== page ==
Number 3 – You’re Having a Lot of Trouble Remembering Things

Can’t find your keys? Did you forget your anniversary again? Memory problems are associated with stress and depression, so that alone isn’t necessarily something to worry about. But if you’ve been experiencing trouble remembering things for a while and it’s only getting worse, your stress might be evolving into depression.

Number 4 – You’ve Been Sleeping Way More or Way Less for Weeks

Like with memory, both stress and depression can negatively impact your sleeping patterns. Now, just because you’re having trouble falling asleep or you find yourself waking up several times throughout the night doesn’t necessarily mean you’re depressed.

Most often, stress-related sleep problems are temporary and usually subside when the situation has worked itself out. However, if you find that your sleep disturbances have continued for weeks or more, then you could be dealing with depression rather than just stress.

Number 5 – You’re Super Indecisive

When you go out to eat, there’s always that one person who takes 20 minutes to read the entire menu, then asks the server for their recommendation. Some people are just more indecisive than others. On the other hand, excessive stress makes decision-making more daunting, and when you’re depressed, it becomes even more challenging.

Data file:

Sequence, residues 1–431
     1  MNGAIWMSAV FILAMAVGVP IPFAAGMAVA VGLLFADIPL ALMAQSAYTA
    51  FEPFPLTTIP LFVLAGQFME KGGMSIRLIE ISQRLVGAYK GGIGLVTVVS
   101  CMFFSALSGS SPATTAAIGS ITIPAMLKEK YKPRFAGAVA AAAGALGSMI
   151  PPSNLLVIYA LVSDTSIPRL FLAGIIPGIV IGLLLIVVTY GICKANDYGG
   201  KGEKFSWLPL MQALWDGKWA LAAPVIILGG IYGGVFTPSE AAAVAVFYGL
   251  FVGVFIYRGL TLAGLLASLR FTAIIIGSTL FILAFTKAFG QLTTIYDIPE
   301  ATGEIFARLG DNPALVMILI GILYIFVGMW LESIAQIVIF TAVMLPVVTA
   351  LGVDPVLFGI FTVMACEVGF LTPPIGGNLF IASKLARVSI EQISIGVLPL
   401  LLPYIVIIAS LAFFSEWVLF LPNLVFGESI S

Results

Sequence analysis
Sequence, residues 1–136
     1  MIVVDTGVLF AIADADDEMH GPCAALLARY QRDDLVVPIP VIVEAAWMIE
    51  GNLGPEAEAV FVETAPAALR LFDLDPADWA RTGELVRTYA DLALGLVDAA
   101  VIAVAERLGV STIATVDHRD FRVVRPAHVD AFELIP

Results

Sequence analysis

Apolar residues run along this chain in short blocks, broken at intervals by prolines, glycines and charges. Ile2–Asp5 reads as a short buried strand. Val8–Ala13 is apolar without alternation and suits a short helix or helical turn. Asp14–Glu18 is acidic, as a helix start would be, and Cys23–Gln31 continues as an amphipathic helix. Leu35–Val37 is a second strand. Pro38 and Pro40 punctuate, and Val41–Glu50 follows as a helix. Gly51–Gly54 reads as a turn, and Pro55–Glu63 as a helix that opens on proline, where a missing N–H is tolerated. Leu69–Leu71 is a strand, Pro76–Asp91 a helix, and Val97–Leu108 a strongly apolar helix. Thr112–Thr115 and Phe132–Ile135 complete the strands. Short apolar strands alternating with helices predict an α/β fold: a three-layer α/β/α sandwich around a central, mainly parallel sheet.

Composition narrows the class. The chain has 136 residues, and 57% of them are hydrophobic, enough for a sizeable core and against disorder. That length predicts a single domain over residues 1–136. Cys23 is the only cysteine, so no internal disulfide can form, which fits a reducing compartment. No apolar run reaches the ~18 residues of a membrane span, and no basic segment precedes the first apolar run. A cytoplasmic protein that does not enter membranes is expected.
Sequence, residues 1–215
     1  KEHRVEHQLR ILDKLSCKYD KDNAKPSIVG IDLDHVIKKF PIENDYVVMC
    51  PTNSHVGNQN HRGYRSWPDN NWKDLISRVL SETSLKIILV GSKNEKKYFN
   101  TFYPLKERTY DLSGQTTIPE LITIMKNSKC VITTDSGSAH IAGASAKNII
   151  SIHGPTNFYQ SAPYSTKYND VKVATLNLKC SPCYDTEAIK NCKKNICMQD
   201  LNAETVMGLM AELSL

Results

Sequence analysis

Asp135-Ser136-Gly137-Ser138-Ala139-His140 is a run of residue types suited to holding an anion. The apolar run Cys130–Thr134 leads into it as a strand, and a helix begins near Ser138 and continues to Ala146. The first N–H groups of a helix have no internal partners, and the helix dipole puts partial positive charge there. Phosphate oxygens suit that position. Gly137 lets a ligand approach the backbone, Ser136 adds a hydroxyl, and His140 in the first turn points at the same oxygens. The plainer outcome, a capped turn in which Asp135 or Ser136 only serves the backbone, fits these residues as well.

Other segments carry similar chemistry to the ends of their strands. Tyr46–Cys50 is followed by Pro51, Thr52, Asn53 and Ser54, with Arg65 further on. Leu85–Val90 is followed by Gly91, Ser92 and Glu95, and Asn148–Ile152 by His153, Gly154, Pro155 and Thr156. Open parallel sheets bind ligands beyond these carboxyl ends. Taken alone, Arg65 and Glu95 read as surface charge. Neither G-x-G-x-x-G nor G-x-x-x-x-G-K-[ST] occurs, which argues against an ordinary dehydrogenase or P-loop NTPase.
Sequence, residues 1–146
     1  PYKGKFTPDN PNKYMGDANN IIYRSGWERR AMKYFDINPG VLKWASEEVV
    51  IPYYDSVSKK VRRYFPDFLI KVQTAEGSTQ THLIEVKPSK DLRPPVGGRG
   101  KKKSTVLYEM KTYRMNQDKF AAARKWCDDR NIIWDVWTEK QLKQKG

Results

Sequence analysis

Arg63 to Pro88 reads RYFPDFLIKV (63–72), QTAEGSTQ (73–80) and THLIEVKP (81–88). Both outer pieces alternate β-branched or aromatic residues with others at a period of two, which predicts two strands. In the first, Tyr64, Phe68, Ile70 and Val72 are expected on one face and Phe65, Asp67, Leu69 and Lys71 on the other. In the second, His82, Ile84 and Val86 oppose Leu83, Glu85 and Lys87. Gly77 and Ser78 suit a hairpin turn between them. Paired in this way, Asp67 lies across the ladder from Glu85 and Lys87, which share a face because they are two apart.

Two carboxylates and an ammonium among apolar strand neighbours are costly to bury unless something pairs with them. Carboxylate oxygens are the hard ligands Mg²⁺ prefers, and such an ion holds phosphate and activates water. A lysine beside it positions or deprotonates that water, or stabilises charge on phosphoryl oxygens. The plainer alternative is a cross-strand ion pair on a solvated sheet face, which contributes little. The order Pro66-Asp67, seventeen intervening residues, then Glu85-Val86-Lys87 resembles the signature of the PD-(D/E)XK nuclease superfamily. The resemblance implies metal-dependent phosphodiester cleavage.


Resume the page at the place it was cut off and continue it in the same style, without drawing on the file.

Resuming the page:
This indecisiveness perpetuates a cycle of increased anxiety and frustration, which then, in turn, leads to more self-loathing. Once you notice that this has started to impact your daily life negatively, you might want to consider that your stress has become something more.

Number 6 – You’re Angry a Lot and Not Sure Why

Stress can make you more irritable than usual, and that irritability can turn into downright anger. That isn’t healthy for your physical or mental well-being or your relationships. However, when it’s just stress, you can typically associate it with a specific trigger. When you’re angry all the time, though, and don’t know why, you may be dealing with depression instead.

Number 7 – You Feel Helpless

Stress can make you feel overwhelmed and even make it difficult to concentrate. The resulting anxiety might feel unbearable. But, when it’s just stress, you’re usually able to pinpoint the source, and once you address that, those emotions tend to resolve themselves. Feelings of complete hopelessness are not typical, which could signify that you’re experiencing depression rather than stress.